Born in Provence in 1952. He founded L’Occitane in 1976. In 1994 he handed its management over to a business partner, and he subsequently established Première Pression Provence, a company that handles olive oil and other products from farmers in Provence. In 2014 he acquired Les Calissons du Roy René and started producing almonds in Provence. He serves as vice-president of L’Occitane Foundation, launched in 2006; in this capacity he focuses on activities to support women’s advancement.
Olivier Baussan is the founder of L’Occitane, famous as a producer of beauty products made from natural plant ingredients. Japan, the company’s biggest market, is also a source of cultural inspiration for him. He is devoted to Japanese literature and has read the entire Tale of Genji, the classic 54-chapter novel from the eleventh century. He also admires the great haiku poet Basho and composes haiku himself.
Baussan says he has “adored” Japan ever since his first visit to Kyoto three decades ago: “Seeing the cherry blossom petals dancing in the wind, I was reminded of Provence, where we also grow many cherry trees. And this experience eventually inspired a line of products that L’Occitane launched about ten years ago. So the links between the company and Japan are not only economic but poetic as well.”
Olivier Baussan was born and raised in Provence. During his student days he came across an old alembic, a still for extracting essential oils from plants. He waxes poetic as he describes this encounter: “I wanted to do work that would enhance the value of my native region. This alembic embodied the essence of Provence’s beautiful traditions. I decided to acquire it as a tool to make myself part of the region through real work.” The 23-year-old Baussan started producing essential oils and selling them in small bottles at local markets in 1976. This was the origin of L’Occitane.
“Helping to preserve the land of Provence and fostering a culture that respects traditions are an integral part of L’Occitane’s mission. Sustainable development can only be based on a balance between culture, economy, and people. The economy and ecology depend on each other. Through its activities, L’Occitane works to enable farmers to rediscover their own land,” says Baussan.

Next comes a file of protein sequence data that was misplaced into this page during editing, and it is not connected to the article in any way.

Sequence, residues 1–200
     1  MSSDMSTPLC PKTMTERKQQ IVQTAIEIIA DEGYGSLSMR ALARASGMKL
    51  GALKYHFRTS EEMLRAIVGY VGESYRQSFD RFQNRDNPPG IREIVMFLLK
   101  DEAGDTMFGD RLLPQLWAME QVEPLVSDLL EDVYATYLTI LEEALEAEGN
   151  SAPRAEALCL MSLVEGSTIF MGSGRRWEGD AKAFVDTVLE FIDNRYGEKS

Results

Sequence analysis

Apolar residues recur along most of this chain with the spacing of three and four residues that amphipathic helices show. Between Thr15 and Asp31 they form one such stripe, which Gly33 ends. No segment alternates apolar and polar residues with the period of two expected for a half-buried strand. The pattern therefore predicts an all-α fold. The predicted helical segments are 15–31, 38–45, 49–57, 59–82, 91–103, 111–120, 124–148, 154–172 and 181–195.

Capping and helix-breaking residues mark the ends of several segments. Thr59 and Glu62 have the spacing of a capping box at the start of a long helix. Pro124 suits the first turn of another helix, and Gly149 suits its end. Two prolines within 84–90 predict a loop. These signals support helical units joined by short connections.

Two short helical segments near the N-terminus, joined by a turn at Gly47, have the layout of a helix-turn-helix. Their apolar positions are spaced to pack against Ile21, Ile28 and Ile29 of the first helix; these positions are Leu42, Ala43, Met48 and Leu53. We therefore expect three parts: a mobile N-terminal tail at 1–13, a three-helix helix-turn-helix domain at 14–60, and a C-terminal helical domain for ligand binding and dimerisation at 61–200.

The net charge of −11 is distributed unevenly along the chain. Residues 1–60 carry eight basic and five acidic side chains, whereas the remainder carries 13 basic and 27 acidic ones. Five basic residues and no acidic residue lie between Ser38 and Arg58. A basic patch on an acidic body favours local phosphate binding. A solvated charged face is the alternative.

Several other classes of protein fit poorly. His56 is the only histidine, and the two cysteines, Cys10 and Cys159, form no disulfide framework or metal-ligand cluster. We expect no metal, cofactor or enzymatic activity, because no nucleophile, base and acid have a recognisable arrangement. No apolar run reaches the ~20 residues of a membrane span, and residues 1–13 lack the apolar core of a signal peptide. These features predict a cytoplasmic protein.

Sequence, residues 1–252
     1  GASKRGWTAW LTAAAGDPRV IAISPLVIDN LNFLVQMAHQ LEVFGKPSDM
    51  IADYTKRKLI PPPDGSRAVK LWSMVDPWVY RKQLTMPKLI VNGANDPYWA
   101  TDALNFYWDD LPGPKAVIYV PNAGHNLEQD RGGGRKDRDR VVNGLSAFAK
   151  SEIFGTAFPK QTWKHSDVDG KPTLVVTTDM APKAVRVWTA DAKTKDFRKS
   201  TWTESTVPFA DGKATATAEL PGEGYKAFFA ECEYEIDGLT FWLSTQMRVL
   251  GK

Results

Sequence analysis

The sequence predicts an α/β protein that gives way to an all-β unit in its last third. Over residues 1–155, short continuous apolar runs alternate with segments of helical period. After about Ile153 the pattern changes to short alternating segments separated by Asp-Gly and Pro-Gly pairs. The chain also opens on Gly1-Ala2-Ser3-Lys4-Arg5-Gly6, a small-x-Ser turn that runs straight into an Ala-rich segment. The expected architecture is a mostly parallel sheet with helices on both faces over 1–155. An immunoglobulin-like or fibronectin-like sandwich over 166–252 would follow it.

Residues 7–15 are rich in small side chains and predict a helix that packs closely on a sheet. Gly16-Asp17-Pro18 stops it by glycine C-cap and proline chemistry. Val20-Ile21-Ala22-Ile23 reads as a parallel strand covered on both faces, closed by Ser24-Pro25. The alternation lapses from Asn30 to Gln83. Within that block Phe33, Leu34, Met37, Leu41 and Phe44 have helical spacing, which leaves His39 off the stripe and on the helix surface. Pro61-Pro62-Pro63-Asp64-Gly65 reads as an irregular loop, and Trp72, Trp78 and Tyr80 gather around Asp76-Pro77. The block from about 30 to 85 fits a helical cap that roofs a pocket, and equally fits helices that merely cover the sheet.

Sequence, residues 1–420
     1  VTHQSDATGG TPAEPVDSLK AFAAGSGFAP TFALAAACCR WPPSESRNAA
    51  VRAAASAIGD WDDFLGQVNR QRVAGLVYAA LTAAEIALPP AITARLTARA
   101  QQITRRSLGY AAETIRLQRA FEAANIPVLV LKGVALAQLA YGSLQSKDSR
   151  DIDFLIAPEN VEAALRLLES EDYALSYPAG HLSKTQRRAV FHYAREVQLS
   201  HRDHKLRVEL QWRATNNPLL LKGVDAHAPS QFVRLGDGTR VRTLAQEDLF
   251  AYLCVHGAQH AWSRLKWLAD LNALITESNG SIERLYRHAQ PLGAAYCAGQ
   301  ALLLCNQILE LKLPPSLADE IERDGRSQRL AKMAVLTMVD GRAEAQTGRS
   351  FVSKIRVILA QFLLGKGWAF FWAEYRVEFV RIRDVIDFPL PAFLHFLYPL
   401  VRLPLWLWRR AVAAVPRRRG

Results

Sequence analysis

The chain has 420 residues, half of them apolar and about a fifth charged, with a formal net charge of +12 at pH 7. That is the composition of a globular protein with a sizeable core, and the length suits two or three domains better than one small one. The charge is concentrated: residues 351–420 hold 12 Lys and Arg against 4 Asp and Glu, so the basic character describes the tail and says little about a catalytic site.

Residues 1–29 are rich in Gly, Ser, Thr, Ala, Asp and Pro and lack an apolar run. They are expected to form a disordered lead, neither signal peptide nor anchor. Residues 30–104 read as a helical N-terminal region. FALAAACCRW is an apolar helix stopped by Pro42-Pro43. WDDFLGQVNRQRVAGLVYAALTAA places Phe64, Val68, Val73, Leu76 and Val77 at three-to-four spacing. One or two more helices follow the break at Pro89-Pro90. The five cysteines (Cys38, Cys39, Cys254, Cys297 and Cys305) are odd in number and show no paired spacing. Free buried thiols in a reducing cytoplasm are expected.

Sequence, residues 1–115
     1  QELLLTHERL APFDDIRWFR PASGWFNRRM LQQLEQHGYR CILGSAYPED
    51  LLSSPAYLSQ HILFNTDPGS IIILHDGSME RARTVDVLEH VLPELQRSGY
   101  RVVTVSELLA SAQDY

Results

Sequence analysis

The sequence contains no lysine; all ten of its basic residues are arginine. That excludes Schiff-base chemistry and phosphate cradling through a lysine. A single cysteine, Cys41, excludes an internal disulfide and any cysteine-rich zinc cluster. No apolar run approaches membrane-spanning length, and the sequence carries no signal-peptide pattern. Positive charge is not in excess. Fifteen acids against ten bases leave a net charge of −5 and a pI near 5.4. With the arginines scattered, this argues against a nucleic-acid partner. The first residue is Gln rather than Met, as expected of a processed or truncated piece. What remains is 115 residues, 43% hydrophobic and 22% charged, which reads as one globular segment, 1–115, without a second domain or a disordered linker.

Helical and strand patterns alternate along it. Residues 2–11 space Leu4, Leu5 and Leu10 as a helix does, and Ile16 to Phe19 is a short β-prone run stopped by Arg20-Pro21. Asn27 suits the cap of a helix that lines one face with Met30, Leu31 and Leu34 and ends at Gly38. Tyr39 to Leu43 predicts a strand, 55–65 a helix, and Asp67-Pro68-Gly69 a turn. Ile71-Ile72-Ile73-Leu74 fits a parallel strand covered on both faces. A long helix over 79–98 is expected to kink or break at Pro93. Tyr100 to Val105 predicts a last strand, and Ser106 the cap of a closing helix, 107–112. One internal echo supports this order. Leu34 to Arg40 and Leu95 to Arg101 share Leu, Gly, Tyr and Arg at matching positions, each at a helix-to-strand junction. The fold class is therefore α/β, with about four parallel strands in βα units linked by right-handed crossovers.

During a trip to Burkina Faso, Baussan was struck by the beautiful skin of the country’s women. He determined that this was due to the moisture-preservative property of locally produced shea butter. This has since become a key ingredient in L’Occitane cosmetics. He explains, “When I found this extraordinary ingredient in Africa some thirty years ago, my priority was not to buy it but to observe its impact. Old women who worked at producing it had arms with young women’s skin.” The impact of the discovery was not limited to skin care. Baussan established a cooperative to help village women become economically independent. And with the establishment of a foundation in 2006, L’Occitane has extended the scope of its support for women. Meanwhile, the number of women involved in producing shea butter has grown from the initial 12 to around 17,000. Baussan declares, “It’s our mission to give women hope and develop their potential.”
Baussan has also given hope to people in Japan. After the March 2011 Great East Japan Earthquake, L’Occitane extended a helping hand to the tsunami-struck city of Kamaishi in Iwate Prefecture. As he explains, “L’Occitane has very strong ties to Japan. Providing assistance after the tsunami was not so much a charitable endeavor as a cultural responsibility. And as I headed to Kamaishi, I happened to learn that it had a sister-city relationship with Digne, capital of the department where I grew up. L’Occitane’s initiative thus also became the occasion for the revival of the two cities’ friendship. I felt fate at work.”